Monday, November 20, 2006

A recipe title you don't see often

Eggplant Parmesan That My Wife "Would Eat Out of a Dumpster"*

* Actual quote

4 medium-sized eggplants
2 eggs beaten with 4 Tb milk
Seasoned flour or Italian-style breadcrumbs for dredging
Vegetable oil for frying
1 32 oz. can of chopped plum tomatoes
1 head of fresh minced garlic (or 4 Tb jarred)
Oregano, basil, or your Italian herb of choice -- dried or fresh
16 oz. of shredded parmesan cheese
Salt and pepper

Slice eggplants in rounds to 1/4" thickness. Heat a large pan with a little less than 1/4" of vegetable oil until it is hot but not smoking (reduce heat if this happens). Dip eggplant rounds in egg-milk mixture, dredge on both sides in flour or breadcrumbs, and fry in oil until golden brown on both sides, 3-4 minutes per side. Drain eggplant rounds on paper towels, adding salt and pepper to taste immediately upon removing from oil.

Meanwhile, preheat oven to 400 degrees F. Layer a deep greased baking pan with the drained eggplant rounds, overlapping them slightly so as to completely cover the bottom of the pan. Top this layer of eggplant with all of the crushed tomatoes mixed with the minced garlic and Italian herb of choice, followed by 1/2 of the shredded cheese. Top this mixture with another layer of overlapping eggplant rounds, followed by the other half of the parmesan.

Bake at 400 degrees F for 30 minutes, or until the top layer of eggplants is dark brown and crispy. Serves 8-10.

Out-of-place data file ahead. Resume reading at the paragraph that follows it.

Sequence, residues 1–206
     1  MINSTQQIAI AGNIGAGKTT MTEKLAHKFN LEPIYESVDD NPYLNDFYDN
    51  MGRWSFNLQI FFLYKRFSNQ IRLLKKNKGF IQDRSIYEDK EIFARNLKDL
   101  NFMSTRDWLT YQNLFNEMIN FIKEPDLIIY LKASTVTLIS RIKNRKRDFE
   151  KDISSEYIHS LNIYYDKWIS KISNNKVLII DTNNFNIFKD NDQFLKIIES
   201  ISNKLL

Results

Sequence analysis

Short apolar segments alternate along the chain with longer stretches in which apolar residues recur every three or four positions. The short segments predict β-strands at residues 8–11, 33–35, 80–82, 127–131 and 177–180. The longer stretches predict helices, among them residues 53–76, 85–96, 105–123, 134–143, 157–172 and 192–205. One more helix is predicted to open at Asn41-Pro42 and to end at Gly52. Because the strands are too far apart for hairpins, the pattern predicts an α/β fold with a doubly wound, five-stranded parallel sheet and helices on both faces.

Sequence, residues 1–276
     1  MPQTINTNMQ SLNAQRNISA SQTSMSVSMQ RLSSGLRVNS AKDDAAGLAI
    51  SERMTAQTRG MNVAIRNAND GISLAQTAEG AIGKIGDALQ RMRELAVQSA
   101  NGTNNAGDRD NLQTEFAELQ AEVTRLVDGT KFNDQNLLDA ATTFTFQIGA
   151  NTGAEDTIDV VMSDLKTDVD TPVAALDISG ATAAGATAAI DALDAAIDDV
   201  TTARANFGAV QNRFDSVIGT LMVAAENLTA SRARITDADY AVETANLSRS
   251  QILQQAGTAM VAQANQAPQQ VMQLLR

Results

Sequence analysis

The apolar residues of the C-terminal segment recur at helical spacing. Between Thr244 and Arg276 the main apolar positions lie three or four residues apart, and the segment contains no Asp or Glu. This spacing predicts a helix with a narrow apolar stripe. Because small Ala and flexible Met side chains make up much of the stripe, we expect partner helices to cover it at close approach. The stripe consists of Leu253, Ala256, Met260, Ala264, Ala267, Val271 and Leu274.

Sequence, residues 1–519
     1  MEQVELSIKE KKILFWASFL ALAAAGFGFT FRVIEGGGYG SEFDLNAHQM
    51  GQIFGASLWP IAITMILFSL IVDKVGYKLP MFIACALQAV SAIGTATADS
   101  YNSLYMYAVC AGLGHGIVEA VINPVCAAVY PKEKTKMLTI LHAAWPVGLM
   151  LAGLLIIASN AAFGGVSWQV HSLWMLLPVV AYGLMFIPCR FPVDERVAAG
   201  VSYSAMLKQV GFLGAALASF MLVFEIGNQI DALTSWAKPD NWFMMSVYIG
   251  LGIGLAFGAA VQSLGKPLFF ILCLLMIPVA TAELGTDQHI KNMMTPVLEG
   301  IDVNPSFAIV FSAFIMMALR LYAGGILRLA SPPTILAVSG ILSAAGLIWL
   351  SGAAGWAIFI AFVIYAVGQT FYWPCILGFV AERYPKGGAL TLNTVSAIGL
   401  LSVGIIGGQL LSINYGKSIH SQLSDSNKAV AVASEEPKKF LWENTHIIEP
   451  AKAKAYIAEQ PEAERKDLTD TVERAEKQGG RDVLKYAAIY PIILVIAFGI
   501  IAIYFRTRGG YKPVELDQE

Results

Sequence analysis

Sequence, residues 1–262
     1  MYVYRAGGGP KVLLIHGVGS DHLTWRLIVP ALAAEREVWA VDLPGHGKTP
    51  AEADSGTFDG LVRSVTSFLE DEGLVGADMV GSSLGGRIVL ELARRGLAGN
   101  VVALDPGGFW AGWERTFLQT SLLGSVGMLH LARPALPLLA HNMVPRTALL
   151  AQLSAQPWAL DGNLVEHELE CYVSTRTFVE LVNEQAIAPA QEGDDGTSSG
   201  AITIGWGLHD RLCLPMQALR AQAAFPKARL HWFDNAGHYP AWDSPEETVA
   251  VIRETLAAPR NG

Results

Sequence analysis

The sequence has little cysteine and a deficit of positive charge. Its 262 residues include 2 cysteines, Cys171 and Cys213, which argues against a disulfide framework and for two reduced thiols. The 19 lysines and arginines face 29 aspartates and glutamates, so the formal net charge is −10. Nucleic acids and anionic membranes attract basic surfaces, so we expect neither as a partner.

My mother never made Italian-American style baked casseroles like this, so this one is something I kind of stumbled upon in the kitchen one afternoon when our fridge was empty save for several eggplants that we had failed to use in another recipe. Since we didn't even have breadcrumbs for dredging, I dug out our bag of white flour and kept tinkering with the spices until I got something tasty enough for frying.

The best part of using seasoned flour instead of breadcrumbs if that in the process of frying your eggplant rounds you will have created a rich and delicious roux as a serendipitous byproduct -- you can refrigerate or freeze this and use it as a base for a future stew or gumbo. I used breadcrumbs last night, however, as well as minced garlic from a jar and dried oregano, but this recipe really responds to the bold taste of fresh ingredients, so don't be afraid to throw in a head of garlic or two and some chopped fresh basil leaves.


(For optional cooking ambiance, I recommend playing Frank Sinatra while you chop and fry.)

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